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Experts: Avoid Adopting a Pet During Holiday Season

Buffalo Grove area pet experts offer tips on how — and when — to introduce a new pet to the family.

 Are you thinking of getting a new pet for the holidays? If so, some Buffalo Grove-area pet experts suggest you delay the acquisition.

Angela Lambert, assistant manager of Kay’s Animal Shelter in Arlington Heights, advised waiting until after Thanksgiving or Christmas to get a new pet. “Wait until the hustle and bustle of the holidays is over so animals can get used to your house,” she said. “With the holidays, you also need to make sure the animal doesn’t escape, such as when the door opens and closes for guests. You need to make sure the animal's needs are being met.”

She noted the shelter traditionally has been busy the Friday after Thanksgiving, as people are take advantage of the long weekend to find a pet. Established in 1953, Kay’s Animal Shelter is one of the oldest animal shelters in northern Illinois.

, which provides 24-hour care for specialty, emergency and critical care situations, advised against acquiring a new pet right around the holidays. In an emailed statement, noted the following:

“Welcoming a new pet into your family is a gift that keeps on giving but is not something that we recommend for the holiday season. With shopping and family events, new pets are often neglected and left to fend for themselves. Because owning a pet is such a big responsibility, we advise each member of the family to be on board and educated with the needs and often, continuous demands, that a pet can require. Be sure to research your pet’s needs so that your family is prepared to provide the proper care and attention.”

“Giving a pet to a family member on Christmas may not be the best idea, as it’s such a high-stress day. Wait until after Dec. 25, when you can take advantage of a longer break from school to bond with the pet,” said Paul Dickinson, owner of Precious Friends, a dog-walking and pet-sitting service, and a volunteer with Adopt A Husky. “If you have kids, you need to get them involved in selecting a pet, and also be realistic as to the type of care your child can provide the new pet.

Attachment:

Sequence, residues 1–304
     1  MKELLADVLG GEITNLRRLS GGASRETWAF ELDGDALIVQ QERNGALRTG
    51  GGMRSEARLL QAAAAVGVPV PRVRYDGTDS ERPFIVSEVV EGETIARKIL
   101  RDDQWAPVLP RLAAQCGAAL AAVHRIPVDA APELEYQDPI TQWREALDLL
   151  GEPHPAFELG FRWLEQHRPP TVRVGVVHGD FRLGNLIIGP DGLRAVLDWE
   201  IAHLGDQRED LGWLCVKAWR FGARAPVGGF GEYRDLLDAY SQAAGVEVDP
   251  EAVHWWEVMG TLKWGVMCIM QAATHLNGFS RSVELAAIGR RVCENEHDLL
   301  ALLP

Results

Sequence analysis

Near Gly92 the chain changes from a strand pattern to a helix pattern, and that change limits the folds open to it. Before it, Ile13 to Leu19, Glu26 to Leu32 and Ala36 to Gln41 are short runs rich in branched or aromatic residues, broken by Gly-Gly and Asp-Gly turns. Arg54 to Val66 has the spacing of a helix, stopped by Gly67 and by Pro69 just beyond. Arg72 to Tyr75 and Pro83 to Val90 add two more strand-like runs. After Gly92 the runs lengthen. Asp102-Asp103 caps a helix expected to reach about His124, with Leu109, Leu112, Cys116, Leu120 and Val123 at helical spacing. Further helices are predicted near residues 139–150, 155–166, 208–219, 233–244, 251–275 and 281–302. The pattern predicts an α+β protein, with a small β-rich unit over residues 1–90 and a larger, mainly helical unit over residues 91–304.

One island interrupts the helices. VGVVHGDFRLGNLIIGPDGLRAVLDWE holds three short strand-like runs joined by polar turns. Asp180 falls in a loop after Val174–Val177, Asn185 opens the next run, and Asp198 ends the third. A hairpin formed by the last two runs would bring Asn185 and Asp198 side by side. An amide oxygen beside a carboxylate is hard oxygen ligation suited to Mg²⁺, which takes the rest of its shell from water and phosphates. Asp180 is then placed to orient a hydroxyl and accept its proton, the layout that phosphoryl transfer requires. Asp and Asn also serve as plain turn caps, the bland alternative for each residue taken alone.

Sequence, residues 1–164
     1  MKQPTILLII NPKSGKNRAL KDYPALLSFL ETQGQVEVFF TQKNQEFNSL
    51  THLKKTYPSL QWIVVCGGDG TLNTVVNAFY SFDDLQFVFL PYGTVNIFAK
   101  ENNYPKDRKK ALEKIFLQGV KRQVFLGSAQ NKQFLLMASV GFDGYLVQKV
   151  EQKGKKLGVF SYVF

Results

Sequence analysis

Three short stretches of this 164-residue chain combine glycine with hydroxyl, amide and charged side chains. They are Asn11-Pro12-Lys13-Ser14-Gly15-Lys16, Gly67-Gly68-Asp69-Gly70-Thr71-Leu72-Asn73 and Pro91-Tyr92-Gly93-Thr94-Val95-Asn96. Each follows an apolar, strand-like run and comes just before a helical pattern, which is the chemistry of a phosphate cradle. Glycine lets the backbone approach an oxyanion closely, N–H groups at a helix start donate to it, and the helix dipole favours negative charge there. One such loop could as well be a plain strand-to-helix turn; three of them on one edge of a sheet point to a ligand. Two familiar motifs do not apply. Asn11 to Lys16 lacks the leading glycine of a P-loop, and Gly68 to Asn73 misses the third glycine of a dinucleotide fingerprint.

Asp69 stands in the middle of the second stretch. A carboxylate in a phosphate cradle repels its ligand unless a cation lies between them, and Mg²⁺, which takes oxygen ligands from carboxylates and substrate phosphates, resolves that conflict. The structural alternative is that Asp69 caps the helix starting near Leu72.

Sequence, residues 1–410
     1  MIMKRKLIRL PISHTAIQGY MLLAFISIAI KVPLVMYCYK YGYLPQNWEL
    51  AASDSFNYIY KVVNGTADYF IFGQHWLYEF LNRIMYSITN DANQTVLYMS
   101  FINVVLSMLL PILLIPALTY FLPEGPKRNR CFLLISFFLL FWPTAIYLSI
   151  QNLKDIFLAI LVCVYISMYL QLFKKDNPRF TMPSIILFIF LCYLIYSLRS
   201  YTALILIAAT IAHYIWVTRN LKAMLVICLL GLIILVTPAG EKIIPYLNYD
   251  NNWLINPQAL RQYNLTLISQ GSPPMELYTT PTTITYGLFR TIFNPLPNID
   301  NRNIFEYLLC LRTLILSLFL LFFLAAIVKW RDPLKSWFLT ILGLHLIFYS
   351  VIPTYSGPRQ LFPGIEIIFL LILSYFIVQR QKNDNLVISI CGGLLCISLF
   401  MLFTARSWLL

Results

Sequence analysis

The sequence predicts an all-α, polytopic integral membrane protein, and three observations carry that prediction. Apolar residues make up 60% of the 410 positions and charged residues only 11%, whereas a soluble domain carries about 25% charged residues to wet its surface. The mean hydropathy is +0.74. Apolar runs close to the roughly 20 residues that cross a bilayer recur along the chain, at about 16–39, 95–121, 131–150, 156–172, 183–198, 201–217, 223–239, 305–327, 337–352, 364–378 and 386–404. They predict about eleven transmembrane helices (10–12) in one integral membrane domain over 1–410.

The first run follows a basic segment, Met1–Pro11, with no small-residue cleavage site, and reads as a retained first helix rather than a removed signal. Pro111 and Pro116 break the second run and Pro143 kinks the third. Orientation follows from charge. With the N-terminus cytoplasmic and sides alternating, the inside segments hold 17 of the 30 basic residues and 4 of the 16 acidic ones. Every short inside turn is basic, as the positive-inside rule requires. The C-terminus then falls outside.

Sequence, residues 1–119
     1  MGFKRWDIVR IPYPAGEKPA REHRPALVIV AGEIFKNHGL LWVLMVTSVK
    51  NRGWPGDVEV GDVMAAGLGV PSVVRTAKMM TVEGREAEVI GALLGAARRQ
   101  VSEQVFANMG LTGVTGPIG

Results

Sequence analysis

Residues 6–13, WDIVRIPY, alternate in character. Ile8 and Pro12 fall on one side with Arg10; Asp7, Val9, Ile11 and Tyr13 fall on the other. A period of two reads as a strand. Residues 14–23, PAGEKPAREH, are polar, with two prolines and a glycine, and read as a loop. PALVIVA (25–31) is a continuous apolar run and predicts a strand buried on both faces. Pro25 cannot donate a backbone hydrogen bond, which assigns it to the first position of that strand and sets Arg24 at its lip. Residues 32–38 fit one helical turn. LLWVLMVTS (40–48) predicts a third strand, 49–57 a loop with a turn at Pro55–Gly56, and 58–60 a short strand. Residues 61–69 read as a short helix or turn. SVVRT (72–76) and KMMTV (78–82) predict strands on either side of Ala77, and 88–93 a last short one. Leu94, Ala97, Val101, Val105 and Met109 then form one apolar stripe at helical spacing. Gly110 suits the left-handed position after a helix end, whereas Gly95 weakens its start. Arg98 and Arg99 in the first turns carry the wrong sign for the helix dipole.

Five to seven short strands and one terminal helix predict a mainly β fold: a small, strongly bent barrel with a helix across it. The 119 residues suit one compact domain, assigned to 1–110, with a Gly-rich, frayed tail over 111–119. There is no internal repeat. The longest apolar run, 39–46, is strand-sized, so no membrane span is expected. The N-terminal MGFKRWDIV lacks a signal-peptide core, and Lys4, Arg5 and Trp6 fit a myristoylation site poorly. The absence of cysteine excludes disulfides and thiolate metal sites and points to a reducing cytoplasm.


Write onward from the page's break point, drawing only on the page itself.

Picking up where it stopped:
“The worst thing to do is to not research your pet before you get it. You need to see if your lifestyle and your home will fit a potential pet’s needs. If you live in a small apartment, you don’t want to get a dog that needs a lot of room," he said.

Dickinson has been involved with husky rescues since 2001.

Dickinson advised watching breed-specific television shows for research, such as “Dogs 101” on Animal Planet. If the new pet is a dog, he suggested reading books on dog training by Cesar Millan. He also advised getting a new pet from a reputable breeder that is registered with the American Kennel Club, or adopting from a shelter. According to Dickinson, puppy stores should be avoided because "the dogs tend to come from puppy mills."

When a new dog is brought home, Dickinson suggests getting the dog acclimated to the neighborhood with a walk. Once inside, limit the dog to one room of the house to prevent the animal from becoming overwhelmed. Gradually introduce the dog to the rest of the home over the next few days. In addition, schedule the dog for a veterinarian appointment soon after the animal joins the family.

"Getting a new pet is not something you should do on the spur of the moment," Dickinson said.

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